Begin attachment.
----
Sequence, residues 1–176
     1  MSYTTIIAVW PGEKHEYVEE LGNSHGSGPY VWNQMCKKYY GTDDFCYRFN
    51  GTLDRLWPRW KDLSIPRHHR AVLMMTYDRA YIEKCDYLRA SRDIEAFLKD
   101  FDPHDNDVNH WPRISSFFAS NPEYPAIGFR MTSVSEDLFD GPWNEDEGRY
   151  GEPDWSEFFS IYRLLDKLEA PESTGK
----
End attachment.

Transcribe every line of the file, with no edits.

Sequence, residues 1–176
     1  MSYTTIIAVW PGEKHEYVEE LGNSHGSGPY VWNQMCKKYY GTDDFCYRFN
    51  GTLDRLWPRW KDLSIPRHHR AVLMMTYDRA YIEKCDYLRA SRDIEAFLKD
   101  FDPHDNDVNH WPRISSFFAS NPEYPAIGFR MTSVSEDLFD GPWNEDEGRY
   151  GEPDWSEFFS IYRLLDKLEA PESTGK